It was Friday afternoon, August 3, 1962, around five thirty in New York, when I received a phone call from Marilyn. What a pleasant surprise! She asked me about the magazine story and our book project. I told her both were going well.
“There’s so much more I want to tell you for the book. When are you coming back?” she asked.
I told her that we had enough for the book—I just needed to ask her a few more questions about this and that, to fill in certain areas that we hadn’t really talked about.
She cut in to tell me excitedly that Jack Benny, on whose show she’d made her first television appearance, wanted her to put together a Las Vegas show with him. Frank Sinatra and Marlon Brando (she’d always wanted to work with him) had called with film offers, and a top producer had offered her a starring role in a Broadway play (something else she’d always dreamed of). Fox wanted her to begin shooting a film with Dean Martin in September.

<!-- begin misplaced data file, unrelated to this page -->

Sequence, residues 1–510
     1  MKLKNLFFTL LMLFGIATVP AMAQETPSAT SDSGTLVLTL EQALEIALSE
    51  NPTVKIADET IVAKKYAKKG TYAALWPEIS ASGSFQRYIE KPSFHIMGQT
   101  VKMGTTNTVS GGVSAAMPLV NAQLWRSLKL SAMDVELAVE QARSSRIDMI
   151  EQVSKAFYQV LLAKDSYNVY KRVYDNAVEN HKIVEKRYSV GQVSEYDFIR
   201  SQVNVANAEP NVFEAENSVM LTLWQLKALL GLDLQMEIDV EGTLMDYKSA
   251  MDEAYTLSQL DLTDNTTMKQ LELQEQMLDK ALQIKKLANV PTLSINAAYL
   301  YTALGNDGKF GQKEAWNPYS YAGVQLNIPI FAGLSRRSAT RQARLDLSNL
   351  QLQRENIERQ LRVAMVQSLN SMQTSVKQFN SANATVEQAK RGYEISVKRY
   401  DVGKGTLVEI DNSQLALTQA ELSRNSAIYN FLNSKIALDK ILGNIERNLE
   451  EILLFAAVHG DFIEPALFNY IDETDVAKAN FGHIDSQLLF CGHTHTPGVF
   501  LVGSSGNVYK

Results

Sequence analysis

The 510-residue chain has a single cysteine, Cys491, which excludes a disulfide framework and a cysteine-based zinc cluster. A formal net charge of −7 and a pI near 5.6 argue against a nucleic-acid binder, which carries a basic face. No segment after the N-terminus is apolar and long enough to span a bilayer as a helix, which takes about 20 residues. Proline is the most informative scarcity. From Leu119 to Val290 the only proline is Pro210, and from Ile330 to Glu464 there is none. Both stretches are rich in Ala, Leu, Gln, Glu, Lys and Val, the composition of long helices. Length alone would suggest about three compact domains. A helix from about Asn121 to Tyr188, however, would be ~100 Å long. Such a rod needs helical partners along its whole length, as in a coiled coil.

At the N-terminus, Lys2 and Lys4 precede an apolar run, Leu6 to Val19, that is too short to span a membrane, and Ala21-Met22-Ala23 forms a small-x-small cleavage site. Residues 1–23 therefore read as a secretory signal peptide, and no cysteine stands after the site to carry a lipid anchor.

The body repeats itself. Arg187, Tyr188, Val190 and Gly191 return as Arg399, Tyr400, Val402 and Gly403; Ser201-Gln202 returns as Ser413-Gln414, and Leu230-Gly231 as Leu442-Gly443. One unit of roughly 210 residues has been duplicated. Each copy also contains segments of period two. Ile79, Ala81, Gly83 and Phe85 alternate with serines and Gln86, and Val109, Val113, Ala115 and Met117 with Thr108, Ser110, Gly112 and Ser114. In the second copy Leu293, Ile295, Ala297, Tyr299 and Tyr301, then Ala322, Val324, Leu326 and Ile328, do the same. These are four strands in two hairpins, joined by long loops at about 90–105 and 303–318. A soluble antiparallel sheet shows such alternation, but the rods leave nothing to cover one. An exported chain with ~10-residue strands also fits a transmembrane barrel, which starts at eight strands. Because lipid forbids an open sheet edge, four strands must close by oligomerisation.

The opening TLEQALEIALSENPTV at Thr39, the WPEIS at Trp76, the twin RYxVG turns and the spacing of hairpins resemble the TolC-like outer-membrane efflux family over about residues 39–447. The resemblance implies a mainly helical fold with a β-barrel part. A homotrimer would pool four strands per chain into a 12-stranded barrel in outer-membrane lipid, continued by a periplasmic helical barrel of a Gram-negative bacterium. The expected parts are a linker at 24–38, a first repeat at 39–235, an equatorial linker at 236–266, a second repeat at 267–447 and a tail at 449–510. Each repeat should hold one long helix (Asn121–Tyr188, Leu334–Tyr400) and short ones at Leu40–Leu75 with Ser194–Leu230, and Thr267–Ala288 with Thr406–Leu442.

She told me she was reading two wonderful books: Captain Newman and To Kill A Mockingbird.
“You’ve just got to get back here,” she said. Her voice sounded like she had just hit the jackpot. She never seemed happier.
I told her I’d try to leave by Monday or the middle of the week at the latest, and that I was very happy for her. I asked about her plans for the weekend, and she said she’d probably just relax, go out to dinner, and then maybe go over to the Lawfords for their regular Saturday night party. Then she said, “Love you—see you Monday or when you get out here.“
I said I loved her, too.
Fewer than twenty-four hours after Marilyn’s phone call, she was dead. The press told the world she had committed suicide. I will never believe Marilyn took her own life. She had too much to live for. She was excited about this book. She sounded so happy…It remains my belief, though I have no proof, that she was murdered.